1

I want to make a shell script that finds all active processes and to print to the user the scheduling policy.I want the result to be like this.

pid 3042's current scheduling policy: SCHED_OTHER pid 3042's current scheduling priority: 0 pid 3043's current scheduling policy: SCHED_OTHER pid 3043's current scheduling priority: 0 pid 3044's current scheduling policy: SCHED_OTHER pid 3044's current scheduling priority: 0

I have managed to do this but only for a single process with the use of ps and chrt commands.

  • 1
    For the schuduling policy, you can parse the output from /proc/pid/sched. I will try to write a script later – Karim Manaouil Nov 28 '17 at 19:01
0

I've come up with the following command using ps and awk which gives very similar output with only a small difference in that it shows abbreviated names of the scheduling class. The following mapping could help you :

  • TS is SCHED_OTHER
  • RR is SCHED_RR
  • FF is SCHED_FIFO

The command:

ps -e -o s,pid,cls,pri | grep ^R | awk -v sq="'" '{print "pid",$2,sq,"s current scheduling policy:",$3,"\npid",$2,sq,"s current priority:",$4}'

Running the above command on my host gives the following output:

pid 8456 ' s current scheduling policy: TS 
pid 8456 ' s current priority: 19
pid 12552 ' s current scheduling policy: TS 
pid 12552 ' s current priority: 19

EDIT

Based on the comment, the following command gives an exact output using chrt and assuming that an active process is a running or a runnable process R:

ps -e -o s,pid | grep ^R | awk '{system("chrt -p " $2)}'

In case you want to get the output for all the processes (Running, Sleeping, Stopped & Zombie), you would like to use the following command:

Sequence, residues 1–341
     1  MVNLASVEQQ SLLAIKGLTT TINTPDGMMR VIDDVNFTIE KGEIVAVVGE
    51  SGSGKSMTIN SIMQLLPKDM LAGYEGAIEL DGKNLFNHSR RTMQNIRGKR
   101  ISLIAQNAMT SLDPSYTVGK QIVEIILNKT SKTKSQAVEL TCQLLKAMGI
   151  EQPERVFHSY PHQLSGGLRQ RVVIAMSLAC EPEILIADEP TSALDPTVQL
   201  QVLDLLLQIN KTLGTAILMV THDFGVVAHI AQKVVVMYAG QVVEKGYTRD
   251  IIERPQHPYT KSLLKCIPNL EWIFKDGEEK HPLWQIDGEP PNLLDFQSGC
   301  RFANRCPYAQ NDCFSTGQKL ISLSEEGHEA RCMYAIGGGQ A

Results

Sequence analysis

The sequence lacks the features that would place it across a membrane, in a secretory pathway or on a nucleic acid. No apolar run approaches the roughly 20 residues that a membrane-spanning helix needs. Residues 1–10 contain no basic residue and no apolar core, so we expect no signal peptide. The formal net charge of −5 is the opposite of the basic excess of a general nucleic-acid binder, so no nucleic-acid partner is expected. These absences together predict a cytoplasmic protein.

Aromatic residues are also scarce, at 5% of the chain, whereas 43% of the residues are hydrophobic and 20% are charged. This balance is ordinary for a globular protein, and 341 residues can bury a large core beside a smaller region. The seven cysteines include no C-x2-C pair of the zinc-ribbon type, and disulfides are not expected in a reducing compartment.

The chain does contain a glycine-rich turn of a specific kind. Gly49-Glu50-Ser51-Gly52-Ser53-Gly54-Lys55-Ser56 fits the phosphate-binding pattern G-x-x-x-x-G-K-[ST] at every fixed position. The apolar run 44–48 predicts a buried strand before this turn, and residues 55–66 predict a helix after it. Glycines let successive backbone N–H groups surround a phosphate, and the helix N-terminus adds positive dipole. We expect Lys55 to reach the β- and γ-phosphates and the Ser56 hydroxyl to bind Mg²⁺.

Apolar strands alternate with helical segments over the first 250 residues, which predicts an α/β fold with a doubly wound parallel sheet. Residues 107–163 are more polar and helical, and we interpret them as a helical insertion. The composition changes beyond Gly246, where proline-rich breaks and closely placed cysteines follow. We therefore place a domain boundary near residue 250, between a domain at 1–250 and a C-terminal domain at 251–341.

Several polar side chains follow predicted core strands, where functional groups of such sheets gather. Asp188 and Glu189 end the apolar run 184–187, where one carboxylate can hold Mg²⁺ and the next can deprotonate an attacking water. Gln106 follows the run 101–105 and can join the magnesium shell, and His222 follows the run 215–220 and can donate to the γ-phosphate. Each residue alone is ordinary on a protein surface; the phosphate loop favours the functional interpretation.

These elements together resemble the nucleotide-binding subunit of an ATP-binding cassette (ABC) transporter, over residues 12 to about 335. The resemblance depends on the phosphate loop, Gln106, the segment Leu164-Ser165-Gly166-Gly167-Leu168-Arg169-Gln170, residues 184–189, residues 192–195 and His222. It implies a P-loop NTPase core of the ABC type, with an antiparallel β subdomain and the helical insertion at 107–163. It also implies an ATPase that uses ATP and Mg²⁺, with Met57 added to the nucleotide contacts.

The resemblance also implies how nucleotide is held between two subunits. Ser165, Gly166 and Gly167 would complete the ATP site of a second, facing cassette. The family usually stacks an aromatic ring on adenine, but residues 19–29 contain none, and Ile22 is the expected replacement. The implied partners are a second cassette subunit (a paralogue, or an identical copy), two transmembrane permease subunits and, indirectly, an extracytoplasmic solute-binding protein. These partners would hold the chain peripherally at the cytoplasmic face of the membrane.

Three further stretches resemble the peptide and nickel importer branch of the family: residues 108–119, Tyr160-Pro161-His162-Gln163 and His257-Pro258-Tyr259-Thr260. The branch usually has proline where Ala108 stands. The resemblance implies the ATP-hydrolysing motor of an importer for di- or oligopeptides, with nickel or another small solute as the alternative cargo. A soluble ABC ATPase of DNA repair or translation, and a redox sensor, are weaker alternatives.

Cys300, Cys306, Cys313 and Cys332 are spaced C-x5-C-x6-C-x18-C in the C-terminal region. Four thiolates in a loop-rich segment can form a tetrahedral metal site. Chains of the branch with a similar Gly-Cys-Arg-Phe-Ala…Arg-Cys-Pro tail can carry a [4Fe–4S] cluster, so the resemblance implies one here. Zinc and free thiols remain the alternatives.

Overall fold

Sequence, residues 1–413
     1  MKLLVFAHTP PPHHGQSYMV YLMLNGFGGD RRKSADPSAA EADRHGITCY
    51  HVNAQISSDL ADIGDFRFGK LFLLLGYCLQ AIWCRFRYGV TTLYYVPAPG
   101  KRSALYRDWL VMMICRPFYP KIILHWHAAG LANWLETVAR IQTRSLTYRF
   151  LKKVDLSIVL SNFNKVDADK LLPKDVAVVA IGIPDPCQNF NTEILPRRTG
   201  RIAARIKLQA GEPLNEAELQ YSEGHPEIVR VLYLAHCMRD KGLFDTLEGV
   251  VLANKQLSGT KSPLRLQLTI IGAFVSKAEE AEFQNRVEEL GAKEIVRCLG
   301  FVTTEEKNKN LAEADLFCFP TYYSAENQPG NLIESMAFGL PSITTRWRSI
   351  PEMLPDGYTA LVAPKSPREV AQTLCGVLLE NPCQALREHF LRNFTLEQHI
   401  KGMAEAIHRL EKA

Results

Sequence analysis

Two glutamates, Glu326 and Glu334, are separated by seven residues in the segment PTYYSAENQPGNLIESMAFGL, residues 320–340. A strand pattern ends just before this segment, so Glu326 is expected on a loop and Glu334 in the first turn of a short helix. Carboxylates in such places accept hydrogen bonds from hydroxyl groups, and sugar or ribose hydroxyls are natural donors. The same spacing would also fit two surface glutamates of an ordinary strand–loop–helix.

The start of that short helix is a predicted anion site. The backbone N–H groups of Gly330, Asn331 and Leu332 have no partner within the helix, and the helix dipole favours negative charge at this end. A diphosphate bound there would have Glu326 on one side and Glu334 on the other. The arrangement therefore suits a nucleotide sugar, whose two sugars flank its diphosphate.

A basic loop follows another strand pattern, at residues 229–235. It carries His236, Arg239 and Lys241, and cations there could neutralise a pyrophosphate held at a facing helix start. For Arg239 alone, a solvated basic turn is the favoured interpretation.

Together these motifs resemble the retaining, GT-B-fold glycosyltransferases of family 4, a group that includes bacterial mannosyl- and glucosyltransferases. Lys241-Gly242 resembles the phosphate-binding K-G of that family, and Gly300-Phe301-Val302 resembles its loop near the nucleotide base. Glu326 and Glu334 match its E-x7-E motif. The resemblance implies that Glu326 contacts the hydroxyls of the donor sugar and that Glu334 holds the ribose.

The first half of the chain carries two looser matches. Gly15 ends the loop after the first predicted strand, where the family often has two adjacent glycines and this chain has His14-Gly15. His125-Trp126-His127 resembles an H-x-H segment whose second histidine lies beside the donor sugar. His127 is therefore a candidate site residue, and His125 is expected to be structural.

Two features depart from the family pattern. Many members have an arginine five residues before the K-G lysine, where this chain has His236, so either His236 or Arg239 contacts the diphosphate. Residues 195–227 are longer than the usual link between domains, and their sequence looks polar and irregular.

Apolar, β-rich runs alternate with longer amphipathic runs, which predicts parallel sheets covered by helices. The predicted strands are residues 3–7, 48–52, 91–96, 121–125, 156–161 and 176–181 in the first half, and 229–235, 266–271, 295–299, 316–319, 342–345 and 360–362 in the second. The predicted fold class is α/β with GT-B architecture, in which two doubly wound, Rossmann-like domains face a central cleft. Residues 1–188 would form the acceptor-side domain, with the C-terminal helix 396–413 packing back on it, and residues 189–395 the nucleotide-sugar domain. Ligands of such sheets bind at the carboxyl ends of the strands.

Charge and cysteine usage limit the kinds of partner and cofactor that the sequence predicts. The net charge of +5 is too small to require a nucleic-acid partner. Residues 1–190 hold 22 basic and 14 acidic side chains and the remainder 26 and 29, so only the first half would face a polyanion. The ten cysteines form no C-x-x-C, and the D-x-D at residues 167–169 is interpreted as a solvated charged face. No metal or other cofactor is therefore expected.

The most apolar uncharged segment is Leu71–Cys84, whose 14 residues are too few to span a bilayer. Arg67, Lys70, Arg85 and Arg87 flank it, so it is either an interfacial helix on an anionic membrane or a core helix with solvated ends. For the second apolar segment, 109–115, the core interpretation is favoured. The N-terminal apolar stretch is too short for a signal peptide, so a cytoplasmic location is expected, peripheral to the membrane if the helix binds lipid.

ls /proc | grep -e ^[0-9] | awk '{system("chrt -p " $0)}'|more
  • 1
    Actually you don't have to print all that.If you just run the command chrt -p 8456 for example it has exactly the desirable result.My struggle is when i try to use the chrt command for 2 or more processes.If you got any other ideas i'd be grateful. – Spyros Nov 29 '17 at 12:06
  • @Spyros I edited the answer to include the update you have requested. Assuming that an active process is a running or a runnable process (State = R). – Karim Manaouil Nov 29 '17 at 17:56
  • I didin't specify that i want to do that only for the current user and just for the active processes of that user.If you want to try that scenario you are free to do so.I found a solution i dont know if its optimal but i'll post it later in case someone faces the same problem.Thank you for your answer anyway. – Spyros Nov 30 '17 at 10:09
  • @Spyros You didn't mention all those details in your original description. You can actually do minor changes on the ps command above to fit your exact needs. However, posting your solution is a valuable share with the community. – Karim Manaouil Dec 1 '17 at 20:47
  • Manaouli I think I mentioned it was about active processes but I didn't mention clearly that they had to be user's processes only. Anyway thank you again for the time you spent answering. – Spyros Dec 1 '17 at 23:46
0

I found two ways for doing it they may not be optimal but they get the job done.

  1. #! /bin/bash ps -u |grep [0-9]|awk '{print $2}' > test.txt cat test.txt |while read line do chrt -p $line 2 > /dev/null done

  2. 2.

With this way you don't create unnecessary file.

ps -u|grep [0-9]|awk '{system("chrt -p" $2)} 2 > /dev/null

Your Answer

By clicking “Post Your Answer”, you agree to our terms of service, privacy policy and cookie policy

Not the answer you're looking for? Browse other questions tagged or ask your own question.